The MRFF chose to use an article that explicitly accused Hensley of wrongdoing in its fundraising, despite the fact that Hensley’s sermon was protected. Even more telling was Michael Weinstein’s response to the video; while lengthy, it is intentionally unedited:
This video clearly shows that fundamentalist, evangelical Christians within the U.S. military are putting their fellow soldiers at extreme risk by attempting to convert Afghans to Christianity. These inciteful actions are grossly offensive to not only Muslims in Afghanistan and across the world, but to all those who hold faith in the U.S. Constitution. The United States’ armed forces are not on a mission to impose a Christian God on those who believe in Muhammad. We are fighting a fundamentalist terrorist threat in Afghanistan that is hell bent on destroying America’s rights and freedoms. Al Qaeda, the Taliban and others continue to run rampant in Afghanistan and are looking for every opportunity to recruit more terrorists and justify their anti-American rhetoric.
It is a travesty and an utter outrage that the Pentagon does nothing to end these practices and refuses to punish those in blatant violation of the U.S. Constitution and military ethics. We once again demand the Pentagon put an immediate stop to these outrageous practices that threaten our national security and hope, in the interim, these actions do not inspire current and future terrorists.
Never once did Weinstein say anything about the Afghan language Bibles, which Chris Rodda maintains was the only thing with which the MRFF was concerned. Nor does he use a single word to qualify his derision and state that the Hensley sermon, included on the subject video, is not the object of his wrath. In fact, his use of the plural–given that there were only two significant situations on the video, the Bibles and the sermon–seems to indicate his disdain was aimed at Hensley.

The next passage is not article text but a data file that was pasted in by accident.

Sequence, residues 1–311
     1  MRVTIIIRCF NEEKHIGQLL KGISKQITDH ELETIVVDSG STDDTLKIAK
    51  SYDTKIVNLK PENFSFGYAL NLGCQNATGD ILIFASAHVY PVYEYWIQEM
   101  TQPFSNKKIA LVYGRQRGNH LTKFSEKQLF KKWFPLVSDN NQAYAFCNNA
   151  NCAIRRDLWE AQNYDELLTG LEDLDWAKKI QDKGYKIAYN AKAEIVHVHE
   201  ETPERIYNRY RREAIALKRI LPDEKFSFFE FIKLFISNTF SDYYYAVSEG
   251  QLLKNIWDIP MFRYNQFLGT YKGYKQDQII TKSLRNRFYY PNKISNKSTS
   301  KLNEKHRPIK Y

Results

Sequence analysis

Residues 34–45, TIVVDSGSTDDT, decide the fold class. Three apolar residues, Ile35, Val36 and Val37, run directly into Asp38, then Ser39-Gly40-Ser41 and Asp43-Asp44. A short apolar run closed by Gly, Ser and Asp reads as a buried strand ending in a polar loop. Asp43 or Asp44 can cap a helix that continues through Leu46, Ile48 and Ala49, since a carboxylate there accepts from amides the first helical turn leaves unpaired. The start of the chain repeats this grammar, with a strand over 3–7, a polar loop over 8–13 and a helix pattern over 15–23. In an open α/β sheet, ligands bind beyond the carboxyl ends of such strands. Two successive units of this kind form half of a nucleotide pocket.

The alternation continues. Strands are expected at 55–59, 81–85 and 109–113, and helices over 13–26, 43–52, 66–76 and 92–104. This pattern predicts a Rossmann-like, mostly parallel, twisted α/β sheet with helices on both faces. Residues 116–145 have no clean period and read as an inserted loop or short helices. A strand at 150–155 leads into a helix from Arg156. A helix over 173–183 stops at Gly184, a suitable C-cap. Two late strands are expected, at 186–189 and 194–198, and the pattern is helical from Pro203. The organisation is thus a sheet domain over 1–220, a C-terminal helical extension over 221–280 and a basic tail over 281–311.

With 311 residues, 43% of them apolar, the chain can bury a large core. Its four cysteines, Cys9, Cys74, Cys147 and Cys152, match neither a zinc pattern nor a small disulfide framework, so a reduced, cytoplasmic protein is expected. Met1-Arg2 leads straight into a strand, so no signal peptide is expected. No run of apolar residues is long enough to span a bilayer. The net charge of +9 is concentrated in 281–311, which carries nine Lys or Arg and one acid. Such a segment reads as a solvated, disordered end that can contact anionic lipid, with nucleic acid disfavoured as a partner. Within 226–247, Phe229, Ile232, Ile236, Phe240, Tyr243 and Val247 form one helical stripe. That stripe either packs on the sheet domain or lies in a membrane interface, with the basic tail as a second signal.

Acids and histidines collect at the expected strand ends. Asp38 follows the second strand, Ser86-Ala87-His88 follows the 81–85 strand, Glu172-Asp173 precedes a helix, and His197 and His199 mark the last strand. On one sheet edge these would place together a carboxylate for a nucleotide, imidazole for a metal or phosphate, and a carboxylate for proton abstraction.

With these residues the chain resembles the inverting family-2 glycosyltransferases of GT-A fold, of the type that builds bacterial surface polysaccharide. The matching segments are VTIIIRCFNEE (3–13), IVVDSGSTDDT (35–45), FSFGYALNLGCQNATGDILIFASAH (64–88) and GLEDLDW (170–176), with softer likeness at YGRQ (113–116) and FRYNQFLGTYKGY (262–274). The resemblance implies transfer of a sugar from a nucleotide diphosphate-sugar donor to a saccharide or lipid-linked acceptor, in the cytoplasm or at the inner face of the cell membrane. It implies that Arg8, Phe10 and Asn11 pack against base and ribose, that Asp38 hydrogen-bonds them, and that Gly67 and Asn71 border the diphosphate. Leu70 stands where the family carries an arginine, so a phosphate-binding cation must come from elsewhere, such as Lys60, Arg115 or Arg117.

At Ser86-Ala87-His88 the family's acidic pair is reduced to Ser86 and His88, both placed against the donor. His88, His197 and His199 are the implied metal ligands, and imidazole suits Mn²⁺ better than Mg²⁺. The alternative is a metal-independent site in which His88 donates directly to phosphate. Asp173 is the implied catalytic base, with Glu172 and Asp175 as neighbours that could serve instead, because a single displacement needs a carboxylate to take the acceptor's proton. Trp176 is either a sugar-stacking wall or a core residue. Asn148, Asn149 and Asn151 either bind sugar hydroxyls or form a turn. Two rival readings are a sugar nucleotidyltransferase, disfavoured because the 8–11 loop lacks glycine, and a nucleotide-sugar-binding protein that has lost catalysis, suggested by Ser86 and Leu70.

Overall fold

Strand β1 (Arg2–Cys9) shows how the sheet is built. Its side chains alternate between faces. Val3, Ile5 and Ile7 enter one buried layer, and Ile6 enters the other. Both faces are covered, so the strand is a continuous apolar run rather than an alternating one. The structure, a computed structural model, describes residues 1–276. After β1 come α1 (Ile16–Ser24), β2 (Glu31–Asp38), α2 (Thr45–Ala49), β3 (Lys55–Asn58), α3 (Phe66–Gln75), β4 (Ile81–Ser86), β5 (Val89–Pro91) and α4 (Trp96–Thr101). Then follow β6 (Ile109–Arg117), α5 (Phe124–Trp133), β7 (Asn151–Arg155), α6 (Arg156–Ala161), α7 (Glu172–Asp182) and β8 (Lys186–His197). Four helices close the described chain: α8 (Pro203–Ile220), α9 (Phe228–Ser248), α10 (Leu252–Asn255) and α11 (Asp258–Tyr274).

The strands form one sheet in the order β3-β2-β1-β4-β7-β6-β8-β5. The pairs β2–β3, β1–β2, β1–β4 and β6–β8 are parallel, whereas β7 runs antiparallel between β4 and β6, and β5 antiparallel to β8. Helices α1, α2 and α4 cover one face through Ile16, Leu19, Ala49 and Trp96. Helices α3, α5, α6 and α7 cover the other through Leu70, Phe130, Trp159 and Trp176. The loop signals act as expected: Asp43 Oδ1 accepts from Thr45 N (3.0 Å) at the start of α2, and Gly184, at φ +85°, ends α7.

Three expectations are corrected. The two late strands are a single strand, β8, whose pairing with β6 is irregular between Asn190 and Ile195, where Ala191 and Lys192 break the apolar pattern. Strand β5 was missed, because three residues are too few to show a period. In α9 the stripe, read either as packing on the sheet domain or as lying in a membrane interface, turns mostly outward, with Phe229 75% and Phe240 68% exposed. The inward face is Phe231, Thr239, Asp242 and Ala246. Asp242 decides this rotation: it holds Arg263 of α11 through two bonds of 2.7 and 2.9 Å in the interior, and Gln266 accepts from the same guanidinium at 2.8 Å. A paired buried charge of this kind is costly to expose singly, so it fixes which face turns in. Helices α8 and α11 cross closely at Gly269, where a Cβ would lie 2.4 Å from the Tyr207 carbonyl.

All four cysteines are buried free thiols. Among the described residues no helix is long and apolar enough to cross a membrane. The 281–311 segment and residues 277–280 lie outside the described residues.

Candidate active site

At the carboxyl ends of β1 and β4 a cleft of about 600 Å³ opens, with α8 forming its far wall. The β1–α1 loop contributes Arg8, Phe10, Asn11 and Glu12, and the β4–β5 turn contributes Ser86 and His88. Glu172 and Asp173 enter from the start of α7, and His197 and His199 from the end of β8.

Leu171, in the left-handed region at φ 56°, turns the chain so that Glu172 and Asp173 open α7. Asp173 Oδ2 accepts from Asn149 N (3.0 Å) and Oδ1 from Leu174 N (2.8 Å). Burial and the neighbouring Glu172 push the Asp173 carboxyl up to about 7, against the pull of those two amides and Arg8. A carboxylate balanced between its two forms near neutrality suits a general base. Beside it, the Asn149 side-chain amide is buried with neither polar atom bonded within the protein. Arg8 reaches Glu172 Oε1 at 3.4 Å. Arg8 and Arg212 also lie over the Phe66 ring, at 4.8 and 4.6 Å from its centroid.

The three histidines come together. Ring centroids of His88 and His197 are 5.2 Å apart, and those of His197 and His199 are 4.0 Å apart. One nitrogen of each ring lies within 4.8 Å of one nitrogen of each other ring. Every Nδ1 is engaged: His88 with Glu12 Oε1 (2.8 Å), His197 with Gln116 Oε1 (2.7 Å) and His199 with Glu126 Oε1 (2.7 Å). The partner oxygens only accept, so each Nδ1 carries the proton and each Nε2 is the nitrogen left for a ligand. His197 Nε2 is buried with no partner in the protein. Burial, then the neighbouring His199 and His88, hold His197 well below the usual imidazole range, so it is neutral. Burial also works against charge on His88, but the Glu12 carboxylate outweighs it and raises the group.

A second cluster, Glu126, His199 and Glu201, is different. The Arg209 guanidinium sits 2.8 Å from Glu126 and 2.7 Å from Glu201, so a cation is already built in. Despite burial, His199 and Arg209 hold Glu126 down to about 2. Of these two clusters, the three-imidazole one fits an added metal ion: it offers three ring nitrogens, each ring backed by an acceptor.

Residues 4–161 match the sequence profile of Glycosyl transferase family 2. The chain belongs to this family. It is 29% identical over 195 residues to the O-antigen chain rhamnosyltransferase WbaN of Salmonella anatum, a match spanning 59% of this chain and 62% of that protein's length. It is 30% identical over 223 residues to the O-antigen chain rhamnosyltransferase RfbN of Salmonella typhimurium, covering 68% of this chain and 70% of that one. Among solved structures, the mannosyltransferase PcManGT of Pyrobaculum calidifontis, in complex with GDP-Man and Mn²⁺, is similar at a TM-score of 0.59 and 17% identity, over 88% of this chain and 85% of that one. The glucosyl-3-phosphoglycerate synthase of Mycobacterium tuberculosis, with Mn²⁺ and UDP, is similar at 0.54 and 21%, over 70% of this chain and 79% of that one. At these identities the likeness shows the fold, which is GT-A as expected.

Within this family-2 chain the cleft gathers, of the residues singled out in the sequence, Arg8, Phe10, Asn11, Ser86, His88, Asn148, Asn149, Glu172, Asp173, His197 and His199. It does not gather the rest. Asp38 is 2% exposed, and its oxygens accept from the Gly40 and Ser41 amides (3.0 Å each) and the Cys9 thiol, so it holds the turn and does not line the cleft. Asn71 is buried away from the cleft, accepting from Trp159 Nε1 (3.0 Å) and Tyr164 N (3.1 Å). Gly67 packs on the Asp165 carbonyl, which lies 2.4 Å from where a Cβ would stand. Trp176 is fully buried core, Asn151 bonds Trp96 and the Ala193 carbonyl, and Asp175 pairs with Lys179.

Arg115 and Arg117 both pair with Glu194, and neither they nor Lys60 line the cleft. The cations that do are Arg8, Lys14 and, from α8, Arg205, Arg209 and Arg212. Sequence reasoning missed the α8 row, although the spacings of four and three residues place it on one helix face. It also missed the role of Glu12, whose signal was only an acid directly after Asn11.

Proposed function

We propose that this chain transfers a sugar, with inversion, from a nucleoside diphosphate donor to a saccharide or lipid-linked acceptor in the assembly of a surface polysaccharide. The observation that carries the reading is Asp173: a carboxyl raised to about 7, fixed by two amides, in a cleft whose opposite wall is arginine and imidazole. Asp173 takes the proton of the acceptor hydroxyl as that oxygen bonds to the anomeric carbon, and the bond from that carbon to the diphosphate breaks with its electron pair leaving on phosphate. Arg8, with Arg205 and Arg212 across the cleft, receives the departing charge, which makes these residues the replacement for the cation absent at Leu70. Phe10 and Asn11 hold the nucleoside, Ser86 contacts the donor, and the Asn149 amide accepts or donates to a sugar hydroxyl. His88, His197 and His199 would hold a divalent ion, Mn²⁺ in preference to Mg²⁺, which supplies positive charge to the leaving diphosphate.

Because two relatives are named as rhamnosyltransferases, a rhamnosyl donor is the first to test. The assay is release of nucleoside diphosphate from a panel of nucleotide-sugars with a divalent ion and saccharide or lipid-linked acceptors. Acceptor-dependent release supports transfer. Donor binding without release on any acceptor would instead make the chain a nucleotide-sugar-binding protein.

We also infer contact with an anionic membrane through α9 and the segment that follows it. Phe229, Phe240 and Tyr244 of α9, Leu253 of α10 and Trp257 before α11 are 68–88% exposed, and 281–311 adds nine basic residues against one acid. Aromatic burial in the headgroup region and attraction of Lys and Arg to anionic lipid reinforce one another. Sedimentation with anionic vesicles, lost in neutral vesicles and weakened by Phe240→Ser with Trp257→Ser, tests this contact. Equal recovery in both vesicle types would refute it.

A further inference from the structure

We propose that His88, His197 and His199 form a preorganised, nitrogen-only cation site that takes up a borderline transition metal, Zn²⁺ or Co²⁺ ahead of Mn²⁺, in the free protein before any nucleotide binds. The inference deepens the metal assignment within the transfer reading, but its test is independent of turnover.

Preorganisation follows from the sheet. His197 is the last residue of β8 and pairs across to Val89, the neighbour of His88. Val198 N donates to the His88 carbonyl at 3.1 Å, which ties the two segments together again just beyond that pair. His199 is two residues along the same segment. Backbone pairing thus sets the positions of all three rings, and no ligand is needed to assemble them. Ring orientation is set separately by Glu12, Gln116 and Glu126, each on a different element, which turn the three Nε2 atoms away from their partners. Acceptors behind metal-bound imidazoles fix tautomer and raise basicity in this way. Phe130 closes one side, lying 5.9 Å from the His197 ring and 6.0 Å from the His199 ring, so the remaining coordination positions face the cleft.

As a member of the MRFF, Rodda’s assertion that the sermon was “permissible” comically contradicts the MRFF to date, even in its most publicized productions. For example, if Hensley’s sermon is “of course…permissible,” why does the MRFF use his sermon as a fundraising prop?
Of the two “scandals” in the al Jazeera footage, only the segment on Hensley’s sermon is used to raise funds for MRFF:
Still from MRFF video. (See video.)
For those that can’t see the video, the MRFF leaves no doubt that they consider the sermon, which they quote, one of their listed “violations.” (From a sound bite on “government paid missionaries,” the voice over lead-in is “Oh there’s more, listen to this guy!”)
The MRFF is using Chaplain Hensley’s sermon as a casus belli against “Christian proselytizing in the military”–despite the fact that even the MRFF’s own researcher says his sermon is “permissible.”
It is unconscionable that the MRFF refused to defend Hensley and his display of American Constitutional liberties in action. Instead, they are attempting to cash in–at the cost of the religious freedom of US troops. (More accurately, it is Weinstein who is “cashing in,” since about half of all MRFF donations go to him personally, allowing him to pocket more than $250,000 last year alone.)
Weinstein has yet to lead his organization in such a way as to prove it is a legitimate “religious freedom” organization. To date, his actions have demonstrated that those have been mere political buzzwords obscuring another agenda.